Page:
Ever since I was a pigtailed tween belting out “Bohemian Rhapsody” while repeatedly playing my mother’s old, battered cassette, Freddie Mercury’s voice set my heart aflutter. And there I was, two decades later, standing at the entrance to Mountain Studios staring at the two Freddie lions dressed like the rock star himself. I couldn’t believe I was actually here, just a few feet away from the recording space of the “most preposterous band that ever lived.”
Montreux’s annual jazz festival attracts large crowds from around the world. Photo: Lionel Flusin/montreuxriviera.com
The Gurtenfestival in Bern. Photo: Roland Wagner/Contributor/WireImage/Getty Images
Although not very large, Mountain Studios is packed with memorabilia: record sleeves, liner notes, handbills, and a glass-fronted alcove showcasing a perfectly preserved set of Queen’s equipment, including guitars, drums, cymbals, microphones, and even an ashtray and sheets of music. The band’s musical trajectory is charted throughout the studio in videos, timelines, and a continuous playing medley of Queen’s greatest hits. There is a tiny curtained-off cinema section, which screens interviews and practice sessions from Freddie Mercury’s last few months. There is something incredibly poignant about watching a band record when it was at its creative zenith musically, but running out of time. As I listened to “Mother Love,” Freddie’s last recorded song, echo through the studio, I began to truly understand the pain and longing behind the words. Even if it was vodka and sheer strength of will that kept him going that day, for a fan like me, the way he hit all those incredibly high notes is spine-tingling.
Freddie had prophesied, “I am not going to be a star, I am going to be a legend.” I walked out of the studio, my playlist looping through songs by Queen and my heart bursting for the sheer genius of a musician who died far too early, but still left the world so much.
Freddie Mercury and David Bowie sing “Under Pressure” a cappella at the Swiss recording studio.
Appeared in the February 2016 Swiss Special issue as “Mercury Rising”.
Freddie Mercury sets the stage ablaze with his electric live performance with Queen circa 1970. Photo: Michael Ochs Archives/Stringer/Getty Images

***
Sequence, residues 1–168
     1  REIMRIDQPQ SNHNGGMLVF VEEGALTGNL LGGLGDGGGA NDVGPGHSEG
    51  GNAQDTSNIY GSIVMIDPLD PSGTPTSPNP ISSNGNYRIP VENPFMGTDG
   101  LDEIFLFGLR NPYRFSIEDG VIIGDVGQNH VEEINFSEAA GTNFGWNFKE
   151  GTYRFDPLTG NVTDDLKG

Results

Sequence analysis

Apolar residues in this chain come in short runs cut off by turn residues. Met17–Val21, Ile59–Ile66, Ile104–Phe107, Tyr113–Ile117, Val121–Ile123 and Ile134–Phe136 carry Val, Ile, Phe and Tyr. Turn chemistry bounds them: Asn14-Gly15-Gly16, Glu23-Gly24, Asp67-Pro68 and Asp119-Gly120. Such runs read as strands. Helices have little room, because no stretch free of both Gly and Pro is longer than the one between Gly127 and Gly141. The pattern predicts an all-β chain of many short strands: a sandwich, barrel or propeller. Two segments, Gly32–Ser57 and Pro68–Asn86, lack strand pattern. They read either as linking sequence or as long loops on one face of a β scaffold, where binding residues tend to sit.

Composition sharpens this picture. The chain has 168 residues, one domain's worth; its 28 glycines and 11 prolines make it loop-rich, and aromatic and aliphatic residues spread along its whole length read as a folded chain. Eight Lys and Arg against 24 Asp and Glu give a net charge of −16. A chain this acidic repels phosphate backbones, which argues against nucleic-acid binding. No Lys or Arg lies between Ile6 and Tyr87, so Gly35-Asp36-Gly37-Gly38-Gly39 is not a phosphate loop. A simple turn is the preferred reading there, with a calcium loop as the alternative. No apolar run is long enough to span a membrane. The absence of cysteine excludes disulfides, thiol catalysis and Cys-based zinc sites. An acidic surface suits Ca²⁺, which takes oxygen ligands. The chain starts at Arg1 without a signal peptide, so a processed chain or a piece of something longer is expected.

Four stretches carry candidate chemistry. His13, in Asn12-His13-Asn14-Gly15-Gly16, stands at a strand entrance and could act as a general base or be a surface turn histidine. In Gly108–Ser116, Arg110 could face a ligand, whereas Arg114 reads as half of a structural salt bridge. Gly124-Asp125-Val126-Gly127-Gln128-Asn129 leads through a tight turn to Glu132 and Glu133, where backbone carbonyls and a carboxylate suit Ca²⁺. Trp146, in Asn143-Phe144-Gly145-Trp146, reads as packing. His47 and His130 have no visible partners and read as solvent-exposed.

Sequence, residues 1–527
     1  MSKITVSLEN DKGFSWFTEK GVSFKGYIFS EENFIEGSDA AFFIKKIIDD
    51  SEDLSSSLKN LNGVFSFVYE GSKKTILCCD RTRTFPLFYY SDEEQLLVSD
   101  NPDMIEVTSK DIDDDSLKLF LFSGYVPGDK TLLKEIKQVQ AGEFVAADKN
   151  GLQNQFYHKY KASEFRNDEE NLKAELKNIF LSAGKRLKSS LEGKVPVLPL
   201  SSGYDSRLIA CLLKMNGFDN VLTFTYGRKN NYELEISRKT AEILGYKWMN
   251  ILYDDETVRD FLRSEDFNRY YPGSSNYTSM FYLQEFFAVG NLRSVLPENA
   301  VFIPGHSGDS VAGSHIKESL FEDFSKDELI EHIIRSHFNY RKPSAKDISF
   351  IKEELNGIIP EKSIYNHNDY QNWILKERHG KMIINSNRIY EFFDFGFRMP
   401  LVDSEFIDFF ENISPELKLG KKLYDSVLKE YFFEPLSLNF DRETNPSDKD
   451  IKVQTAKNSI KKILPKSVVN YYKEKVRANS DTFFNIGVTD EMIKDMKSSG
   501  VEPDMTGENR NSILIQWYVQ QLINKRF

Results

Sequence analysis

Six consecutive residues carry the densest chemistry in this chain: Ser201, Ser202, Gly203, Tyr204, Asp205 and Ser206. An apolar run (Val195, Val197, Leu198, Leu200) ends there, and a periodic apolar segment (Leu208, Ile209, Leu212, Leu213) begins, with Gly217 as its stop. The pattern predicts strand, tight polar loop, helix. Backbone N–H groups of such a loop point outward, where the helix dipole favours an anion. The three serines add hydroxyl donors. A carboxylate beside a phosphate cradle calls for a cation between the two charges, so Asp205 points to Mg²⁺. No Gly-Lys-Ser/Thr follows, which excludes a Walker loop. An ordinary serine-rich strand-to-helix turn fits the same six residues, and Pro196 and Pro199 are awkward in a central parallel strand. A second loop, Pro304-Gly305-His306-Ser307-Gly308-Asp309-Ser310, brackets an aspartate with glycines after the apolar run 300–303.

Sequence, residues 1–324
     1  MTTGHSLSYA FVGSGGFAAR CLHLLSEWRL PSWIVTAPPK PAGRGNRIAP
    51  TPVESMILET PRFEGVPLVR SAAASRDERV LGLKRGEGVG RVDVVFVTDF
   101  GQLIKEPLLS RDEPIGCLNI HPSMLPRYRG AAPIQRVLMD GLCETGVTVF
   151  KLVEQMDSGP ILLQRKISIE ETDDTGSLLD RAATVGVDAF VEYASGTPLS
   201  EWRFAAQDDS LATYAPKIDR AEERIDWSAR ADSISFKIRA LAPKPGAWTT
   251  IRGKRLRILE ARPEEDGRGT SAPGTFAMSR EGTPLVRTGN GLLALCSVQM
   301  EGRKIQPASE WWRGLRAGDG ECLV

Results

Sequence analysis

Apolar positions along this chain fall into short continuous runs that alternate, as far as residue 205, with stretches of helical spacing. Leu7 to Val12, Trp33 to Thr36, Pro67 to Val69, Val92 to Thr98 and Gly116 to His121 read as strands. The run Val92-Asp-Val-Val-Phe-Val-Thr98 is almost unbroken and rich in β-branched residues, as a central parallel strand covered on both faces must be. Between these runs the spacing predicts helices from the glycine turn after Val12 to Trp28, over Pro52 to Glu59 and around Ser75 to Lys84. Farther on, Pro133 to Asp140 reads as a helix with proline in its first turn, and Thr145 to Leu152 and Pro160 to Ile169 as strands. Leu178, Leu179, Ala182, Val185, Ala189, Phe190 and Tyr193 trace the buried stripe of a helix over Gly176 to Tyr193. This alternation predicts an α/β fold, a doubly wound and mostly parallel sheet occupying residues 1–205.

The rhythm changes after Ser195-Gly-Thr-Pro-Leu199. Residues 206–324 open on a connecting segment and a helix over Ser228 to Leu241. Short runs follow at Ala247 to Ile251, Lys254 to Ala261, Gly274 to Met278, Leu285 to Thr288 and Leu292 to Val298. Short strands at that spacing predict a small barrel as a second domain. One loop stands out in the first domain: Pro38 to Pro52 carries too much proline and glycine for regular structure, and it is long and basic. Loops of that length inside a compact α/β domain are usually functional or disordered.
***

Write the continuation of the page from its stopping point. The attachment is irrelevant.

Freddie Mercury and Montreux aside, Switzerland is home to some of the best music festivals in all of Europe. Here are five fabulous picks.
Considered one of the best jazz events in the world, this festival has been headlined by the biggest names in the field since its inception. It takes place in July each year at the Convention Centre on the banks of the lake, with an occasional performance at the Casino Barrière de Montreux. www.montreuxjazz.com
An annual ten-day summer festival that celebrates music and good weather with hundreds of outdoor concerts, open-air food stalls, fireworks, street musicians, and more. www.fetesdegeneve.ch
A highly regarded chamber music festival held in the town of Ascona by Lake Maggiore showcases some of the best chamber musicians from around the world. www.academyofeuphony.com
This festival takes place in mid-July each year and is the highlight of Bern’s cultural calendar. With over 60 DJs and bands from all over the world, this is a four-day party that has previously had guests such as Bob Dylan, The Cure, and Kings of Leon in attendance. www.gurtenfestival.ch
This annual January festival dedicated to wind instruments is held in snow-clad Interlaken and features spectacular concerts. www.jungfrau-music-festival.ch
is the former Senior Associate Editor at National Geograpic Traveller India. She loves the many stories of big old cities. For her, the best kind of travel experience involves long rambling walks through labyrinthine lanes with plenty of food stops along the way.